- *Corresponding Author:
- R. K. Maheshwari
Department of Pharmacy, S. G. S. I. T. S., 23 Park Road, Indore-452 003, India
E-mail: [email protected]
|Date of Submission||12 May 2007|
|Date of Revision||31 May 2010|
|Date of Acceptance||25 September 2010|
|Indian J Pharm Sci, 2010, 72 (5): 649-651|
Highly concentrated aqueous solutions of various hydrotropic agents like sodium benzoate, sodium salicylate, sodium acetate, sodium citrate, nicotinamide and sodium ascorbate have been observed to enhance aqueous solubilities of a large number of poorly water-soluble drugs. In the present investigation hydrotropic solubilization technique has been employed to solubilize poorly water-soluble aspirin (analgesic and antipyretic drug) by 0.5 M ibuprofen sodium solution to carry out titrimetric analysis of aspirin in tablet dosage form. Results of analysis by proposed method and Phamacopoeial method are very comparable. Proposed method is new, rapid, simple, accurate, and reproducible. Statistical data proved the accuracy, reproducibility and the precision of proposed method.
Aspirin, hydrotropy, ibuprofen sodium, titrimetry
Hydrotropic solubilization involves addition of large amount of a second solute to increase the aqueous solubility of the first solute. Concentrated aqueous solutions of a large number of hydrotropic agents were successfully used to enhance the aqueous solubility of many poorly water-soluble drugs [1-15]. Sodium benzoate, sodium salicylate, sodium acetate, sodium citrate, nicotinamide and sodium ascorbate are most popular examples of hydrotropic additives. A dramatic increase in the solubility of aspirin (acetyl salicylic acid) in hydrotropic solution of 0.5 M ibuprofen sodium solution was observed. Enhancement in solubility of aspirin in 0.5 M ibuprofen sodium solution was more than 5 fold as compared to solubility in distilled water. Therefore, it was thought worthwhile to solubilize aspirin in hydrotropic solution to carryout titrations with sodium hydroxide solution. Back titration method of Pharmacopoeia  is time consuming. Proposed method is rapid and involves direct titration according to the eqn depicted in fig. 1.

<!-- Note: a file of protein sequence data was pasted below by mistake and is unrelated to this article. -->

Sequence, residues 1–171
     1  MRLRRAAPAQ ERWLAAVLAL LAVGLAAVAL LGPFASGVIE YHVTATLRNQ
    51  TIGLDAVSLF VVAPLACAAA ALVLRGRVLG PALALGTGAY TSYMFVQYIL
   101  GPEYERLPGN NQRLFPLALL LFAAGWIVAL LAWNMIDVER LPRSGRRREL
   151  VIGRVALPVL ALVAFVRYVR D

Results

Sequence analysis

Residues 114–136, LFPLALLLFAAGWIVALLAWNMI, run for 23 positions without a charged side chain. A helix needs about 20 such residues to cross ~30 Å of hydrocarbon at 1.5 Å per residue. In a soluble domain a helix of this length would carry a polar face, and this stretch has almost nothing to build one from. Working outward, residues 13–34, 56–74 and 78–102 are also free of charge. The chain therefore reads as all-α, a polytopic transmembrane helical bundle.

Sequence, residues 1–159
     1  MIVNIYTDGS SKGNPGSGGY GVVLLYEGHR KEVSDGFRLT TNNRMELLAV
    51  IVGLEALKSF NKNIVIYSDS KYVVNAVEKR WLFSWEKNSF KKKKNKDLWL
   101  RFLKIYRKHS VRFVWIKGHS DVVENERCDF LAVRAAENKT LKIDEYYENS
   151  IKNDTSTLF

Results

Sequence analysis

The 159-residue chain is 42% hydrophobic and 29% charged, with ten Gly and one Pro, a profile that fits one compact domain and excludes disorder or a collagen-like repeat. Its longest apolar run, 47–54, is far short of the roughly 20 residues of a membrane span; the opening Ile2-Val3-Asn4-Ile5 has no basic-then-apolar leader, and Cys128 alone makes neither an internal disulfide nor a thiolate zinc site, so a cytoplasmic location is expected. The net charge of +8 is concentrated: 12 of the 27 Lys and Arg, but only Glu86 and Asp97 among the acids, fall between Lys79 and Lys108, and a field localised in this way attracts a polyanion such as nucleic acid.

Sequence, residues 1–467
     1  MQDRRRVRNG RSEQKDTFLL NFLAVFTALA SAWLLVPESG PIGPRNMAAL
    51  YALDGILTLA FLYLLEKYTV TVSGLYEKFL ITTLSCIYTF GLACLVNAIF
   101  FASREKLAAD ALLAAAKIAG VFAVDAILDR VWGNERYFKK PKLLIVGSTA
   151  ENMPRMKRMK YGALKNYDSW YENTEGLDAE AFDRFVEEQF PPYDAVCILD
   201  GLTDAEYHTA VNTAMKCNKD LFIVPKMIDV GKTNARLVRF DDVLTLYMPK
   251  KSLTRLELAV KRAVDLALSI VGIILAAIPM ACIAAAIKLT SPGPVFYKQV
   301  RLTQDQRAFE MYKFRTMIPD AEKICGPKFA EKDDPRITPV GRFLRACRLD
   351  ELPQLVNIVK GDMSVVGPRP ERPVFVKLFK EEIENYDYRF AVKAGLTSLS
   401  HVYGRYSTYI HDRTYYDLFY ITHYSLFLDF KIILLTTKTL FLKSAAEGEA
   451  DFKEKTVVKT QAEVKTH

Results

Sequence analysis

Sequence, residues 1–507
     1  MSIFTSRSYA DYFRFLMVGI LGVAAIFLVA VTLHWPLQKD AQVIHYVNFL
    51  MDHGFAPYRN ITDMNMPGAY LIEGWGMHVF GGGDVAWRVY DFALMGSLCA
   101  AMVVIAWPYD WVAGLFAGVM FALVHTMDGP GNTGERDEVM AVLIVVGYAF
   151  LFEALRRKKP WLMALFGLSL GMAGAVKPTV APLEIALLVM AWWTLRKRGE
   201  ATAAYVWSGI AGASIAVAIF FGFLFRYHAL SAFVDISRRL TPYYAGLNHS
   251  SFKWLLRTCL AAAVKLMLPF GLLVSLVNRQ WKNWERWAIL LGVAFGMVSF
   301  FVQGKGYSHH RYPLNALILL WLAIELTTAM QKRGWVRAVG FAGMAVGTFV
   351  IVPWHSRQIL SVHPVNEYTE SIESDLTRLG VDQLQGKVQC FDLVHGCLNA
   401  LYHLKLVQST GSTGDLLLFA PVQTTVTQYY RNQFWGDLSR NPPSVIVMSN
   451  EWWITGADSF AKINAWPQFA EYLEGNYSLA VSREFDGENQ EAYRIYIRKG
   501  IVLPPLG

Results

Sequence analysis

All chemicals and solvents used were of analytical grade. Aspirin was obtained as gift sample from Shree Pharmaceuticals, Indore. Tablet formulations were purchased from the local market.
For the preparation of 0.5 M ibuprofen sodium solution, 10 g sodium hydroxide was dissolved in 200 ml distilled water. Ibuprofen (51.6 g) was added little at a time and stirred continuously to dissolve. After complete addition of ibuprofen, the pH was adjusted between 7.5-8.0 with additional sodium hydroxide solution to assure complete neutralization of ibuprofen, then volume was made up to 250 ml with distilled water.
Solubility of aspirin was determined at 27±1º. An excess amount of drug was added to screw capped 30 ml glass vials containing distilled water and 0.5 M ibuprofen sodium solution, separately. These vials were shaken mechanically for 12 h at 27±1º in an orbital flask shaker (Khera Instrument Pvt. Ltd., India). These solutions were allowed to equilibrate for 24 h and then centrifuged for 5 min at 2000 rpm (Remi, India). The supernatant of each vial was filtered through a Whatman filter paper No. 41. Filtrates were analyzed for drug contents to determine the solubilities.
For the quantitative estimation of aspirin tablet formulations using the proposed method of analysis, twenty tablets were weighed and finely powdered. An accurately weighed quantity of tablet powder equivalent to about 500 mg of aspirin was taken in a conical fl ask. Seventy-five milliliters of 0.5 M ibuprofen sodium solution was added and the fl ask was shaken for about 5 min to solubilize aspirin from tablet powder. Then, titration was performed with 0.5 M sodium hydroxide using phenolphthalein solution as indicator. Blank determination was performed for necessary correction and amount of aspirin was calculated (Table 1) Aspirin content was thus determined by using the factor; each ml of 0.5 M sodium hydroxide is equivalent to 90.08 mg of aspirin.
|Tablet||Label claim per||Method of||Percent label claim estimated*||Percent coefficient||Standard error|
|formulation||tablet (mg)||analysis||(mean±S.D.)||of variation|
*Average of three determinations, BPM - British Phamacopoeial method, PM – ibuprofen sodium method.
Table 1: Results Of Analysis Of Commercial Aspirin Tablets With Statistical Evaluation
Using British Pharmacopoeial method  of analysis, tablet powder equivalent to 0.5 g of aspirin was transferred to a conical flask containing 30 ml of 0.5 M sodium hydroxide and the mixture was boiled gently for 10 min. Excess of alkali was titrated with 0.5 M hydrochloric acid using phenophthalein solution as indicator. Operation was repeated without substance being examined. The difference between the titrations represented the amount of alkali required. Aspirin content was thus determined (Table 1) using the factor; each ml of 0.5 M sodium hydroxide is equivalent to 45.04 mg of aspirin.
For validation and reproducibility of the proposed method, recovery studies were performed by adding definite known quantities of aspirin pure drug (spiked drug) in preanalyzed tablet powder (as shown in Table 2) and determining the aspirin content by the proposed method (mentioned earlier). The results of analysis are presented in Table 2. Each type of analysis was done in triplicate.